Coercion, Ternaries and Conditional Abuse

Beginner JavaScript

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Coercion can seem like an intimidating word but it's a pretty simple concept to understand.

So far, we have learned that if you only need to use bang operator !, that checks for the opposite.

For example, if you wanted to check if someone is not cool, you might think you have to do the following πŸ‘‡

const isCool = true;

if (isCool) {

} else {
  console.log('You are not cool');

In the situation where you are only ever using the else, that is because you want the opposite of a value.

You could have done something like the following, πŸ‘‡

if (!isCool) {
  console.log('You are not cool');

A bang in front of a boolean will always flip it.

So if isCool = true, then !isCool would evaluate to false.

In addition to flipping the boolean to the opposite, it also does coercion.

Coercion is when you force something that is of a different type, such as a string or number, or an object or anything like that and force it into another type. For example when we coerce something into a true boolean.

Let's do an example.

If you type name into the console, it should return "wes" (we assigned that variable in earlier exercises in this JavaScript file).

If you type !name in the console, it should return false.

You will notice that !name took the string and turned it into a boolean by putting the bang in front of it.

So when you use the bang, it will coerce the value into a real boolean.

That is sort of the opposite because if we want to check if there is a name, if we want to take the fact that there is a name and make it into a real boolean, we can put double bang in front of it !! and that will coerce it into a Boolean of it exists or not. So !!name would return true.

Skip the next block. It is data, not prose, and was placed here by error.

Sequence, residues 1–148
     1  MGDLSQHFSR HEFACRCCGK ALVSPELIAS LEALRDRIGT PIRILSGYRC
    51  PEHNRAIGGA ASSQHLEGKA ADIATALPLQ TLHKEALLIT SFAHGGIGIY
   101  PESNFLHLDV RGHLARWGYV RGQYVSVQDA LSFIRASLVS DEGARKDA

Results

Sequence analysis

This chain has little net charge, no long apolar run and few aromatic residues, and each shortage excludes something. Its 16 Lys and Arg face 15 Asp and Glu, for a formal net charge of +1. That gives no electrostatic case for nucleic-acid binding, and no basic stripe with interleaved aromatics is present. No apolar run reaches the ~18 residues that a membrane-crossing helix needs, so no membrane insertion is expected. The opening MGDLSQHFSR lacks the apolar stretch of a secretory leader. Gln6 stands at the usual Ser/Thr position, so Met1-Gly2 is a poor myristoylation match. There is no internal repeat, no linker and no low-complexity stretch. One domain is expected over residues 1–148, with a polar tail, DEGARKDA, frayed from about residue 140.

Here is another example:

Let's say you have a middle variable that is assigned an empty string, like so πŸ‘‡

const middle = "";

browser console output of bang checks

When you put 1 bang inmfront of it, it gave us the opposite which was true.

If you put 2 bangs, it gives you false.

If you ever see the ! and !! being used in the if statements, that is because someone is taking the fact that you have a truthy or falsy value, and are coercing it into a true boolean.

Wes used to use that quite a bit, but now that he has a really good understanding of truthy and falsy values, he doesn't use this coercion method much.

Coercion in general is the act of changing one type into another.


Next up we have ternary.

Wes likes to think of ternary's as shorthand if statements.

They are helpful when you quickly want to run functionality based on something being true or false.

A ternary needs 3 things:

  1. A condition
  2. What to do if it' true
  3. What to do if it's false.

For example πŸ‘‡

const count = 2;
let word;

if (count === 1) {
  word = 'item';
} else {
  word = 'items';

So if you had a sentence that said how many items in your cart for example, you could so something like πŸ‘‡

const sentence = `You have ${count} ${word} in your cart`;